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Japanese Sea Lion, Zalophus japonicas
2013-06-22 16:34:14

The Japanese sea lion (Zalophus japonicas) is in extinct species that could once be found in the Sea of Japan. The biggest populations occurred around the Korean peninsula and the Japanese Archipelago. In these areas, both sea lions and seals have influenced the names of some coastal areas, like Inubosaki or “dog-barking point.” It was formally classified as a distinct species in 2003 due to a difference in behaviors and range, but was previously known as a subspecies of the California...

Japanese Sea Lion, Zalophus japonicas
2013-06-10 11:01:20

The Japanese sea lion (Zalophus japonicas) is in extinct species that could once be found in the Sea of Japan. The biggest populations occurred around the Korean peninsula and the Japanese Archipelago. In these areas, both sea lions and seals have influenced the names of some coastal areas, like Inubosaki or “dog-barking point.” It was formally classified as a distinct species in 2003 due to a difference in behaviors and range, but was previously known as a subspecies of the California...

Steller Sea Lion, Eumetopias jubatus
2012-11-01 07:34:19

The Steller sea lion (Eumetopias jubatus) is a species that can be found in the northern Pacific. It is also known as Steller's sea lion or the northern sea lion and is the only member of its genus, Eumetopias. Its range stretches from Gulf of Alaska to the Sea of Okhotsk and the Kuril Islands in Russia. Its southern range includes Año Nuevo Island near California. Although it once bred as far south as the Channel Islands, it has not been seen there since the 1980’s. Traditionally,...

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2007-02-13 15:36:59

The South American Sea Lion or Southern Sea Lion (Otaria flavescens, previously Otaria bryonia) is a sea lion found on the Chilean, Peruvian, Uruguayan and Argentine coasts. They are perhaps the typical sea lion in appearance. They have a very large head with an upturned snout. Both males and females are orange-colored. The manes on males are lighter than females, and female fur on the head and neck is lighter than that of males. The South American Sea Lion's size and weight can vary...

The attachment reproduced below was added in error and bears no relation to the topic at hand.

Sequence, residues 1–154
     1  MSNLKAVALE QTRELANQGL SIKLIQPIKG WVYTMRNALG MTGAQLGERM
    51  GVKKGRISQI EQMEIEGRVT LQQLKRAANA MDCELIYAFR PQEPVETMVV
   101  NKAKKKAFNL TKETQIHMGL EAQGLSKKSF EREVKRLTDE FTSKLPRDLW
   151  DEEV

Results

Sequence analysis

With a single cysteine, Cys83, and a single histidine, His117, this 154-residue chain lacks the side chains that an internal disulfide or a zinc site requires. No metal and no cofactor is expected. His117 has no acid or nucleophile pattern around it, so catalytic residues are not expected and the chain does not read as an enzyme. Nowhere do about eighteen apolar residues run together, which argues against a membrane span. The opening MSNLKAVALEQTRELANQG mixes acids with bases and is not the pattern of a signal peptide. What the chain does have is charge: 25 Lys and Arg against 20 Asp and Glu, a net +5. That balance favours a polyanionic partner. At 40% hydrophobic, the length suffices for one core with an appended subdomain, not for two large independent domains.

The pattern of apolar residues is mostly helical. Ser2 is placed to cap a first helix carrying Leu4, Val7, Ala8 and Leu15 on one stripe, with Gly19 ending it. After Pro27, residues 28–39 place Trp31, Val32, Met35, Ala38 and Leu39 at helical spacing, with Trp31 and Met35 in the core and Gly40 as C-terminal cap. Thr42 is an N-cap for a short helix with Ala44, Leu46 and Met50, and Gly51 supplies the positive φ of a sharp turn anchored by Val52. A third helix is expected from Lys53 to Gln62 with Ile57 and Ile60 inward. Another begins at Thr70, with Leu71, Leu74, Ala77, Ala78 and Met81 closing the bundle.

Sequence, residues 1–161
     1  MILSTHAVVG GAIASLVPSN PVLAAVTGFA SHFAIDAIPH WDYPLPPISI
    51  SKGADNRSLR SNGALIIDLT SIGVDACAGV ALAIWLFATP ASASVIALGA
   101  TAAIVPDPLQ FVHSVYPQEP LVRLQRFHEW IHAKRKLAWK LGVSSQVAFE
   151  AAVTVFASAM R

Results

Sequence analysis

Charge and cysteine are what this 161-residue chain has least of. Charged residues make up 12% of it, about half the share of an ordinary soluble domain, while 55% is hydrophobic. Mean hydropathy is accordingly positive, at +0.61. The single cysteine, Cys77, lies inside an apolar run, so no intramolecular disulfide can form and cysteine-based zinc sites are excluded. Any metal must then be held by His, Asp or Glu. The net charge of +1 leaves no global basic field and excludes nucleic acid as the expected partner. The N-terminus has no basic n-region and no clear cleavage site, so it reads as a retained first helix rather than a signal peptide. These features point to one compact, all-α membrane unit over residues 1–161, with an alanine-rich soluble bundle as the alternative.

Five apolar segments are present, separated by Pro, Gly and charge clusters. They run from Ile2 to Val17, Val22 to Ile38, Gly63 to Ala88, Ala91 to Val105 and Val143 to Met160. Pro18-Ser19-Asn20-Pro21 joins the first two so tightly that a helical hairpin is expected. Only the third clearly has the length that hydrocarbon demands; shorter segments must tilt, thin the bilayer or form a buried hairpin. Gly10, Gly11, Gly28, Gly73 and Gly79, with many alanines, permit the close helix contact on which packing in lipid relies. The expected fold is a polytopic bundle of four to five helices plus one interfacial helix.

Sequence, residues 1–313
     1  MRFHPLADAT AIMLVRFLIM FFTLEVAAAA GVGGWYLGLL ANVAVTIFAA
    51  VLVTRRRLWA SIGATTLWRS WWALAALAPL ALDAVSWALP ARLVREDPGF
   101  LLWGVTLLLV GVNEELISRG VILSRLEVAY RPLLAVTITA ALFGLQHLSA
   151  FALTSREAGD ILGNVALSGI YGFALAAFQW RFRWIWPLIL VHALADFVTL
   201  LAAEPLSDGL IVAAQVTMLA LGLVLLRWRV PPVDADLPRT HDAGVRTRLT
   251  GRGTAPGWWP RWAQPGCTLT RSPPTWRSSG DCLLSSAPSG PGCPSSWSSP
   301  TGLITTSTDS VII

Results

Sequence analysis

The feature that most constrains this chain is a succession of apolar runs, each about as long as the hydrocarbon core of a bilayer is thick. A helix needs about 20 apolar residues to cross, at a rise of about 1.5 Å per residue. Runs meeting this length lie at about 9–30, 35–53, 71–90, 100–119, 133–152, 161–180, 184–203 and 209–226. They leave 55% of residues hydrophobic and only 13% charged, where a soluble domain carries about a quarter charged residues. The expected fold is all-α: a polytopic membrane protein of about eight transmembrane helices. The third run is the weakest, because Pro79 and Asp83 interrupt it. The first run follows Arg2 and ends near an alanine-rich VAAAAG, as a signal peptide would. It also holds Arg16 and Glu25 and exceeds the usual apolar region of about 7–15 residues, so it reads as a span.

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2007-02-13 15:34:25

The California Sea Lion (Zalophus californianus) is a coastal sea lion of the northern Pacific Ocean. Males grow to 600 lb (300 kg) and 8 ft (2.4 m) long. The females are significantly smaller they are about 200 lb (100 kg) and 6.5 ft (2 m) long. The California Sea Lion has a streamlined body that contains a layer of blubber under the skin to provide warmth and buoyancy. Their large eyes help them adjust to low levels of light in underwater environments, while their whiskers augment their...

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Word of the Day
attercop
  • A spider.
  • Figuratively, a peevish, testy, ill-natured person.
'Attercop' comes from the Old English 'atorcoppe,' where 'atter' means 'poison, venom' and‎ 'cop' means 'spider.' 'Coppa' is a derivative of 'cop,' top, summit, round head, or 'copp,' cup, vessel, which refers to 'the supposed venomous properties of spiders,' says the OED. 'Copp' is still found in the word 'cobweb.'
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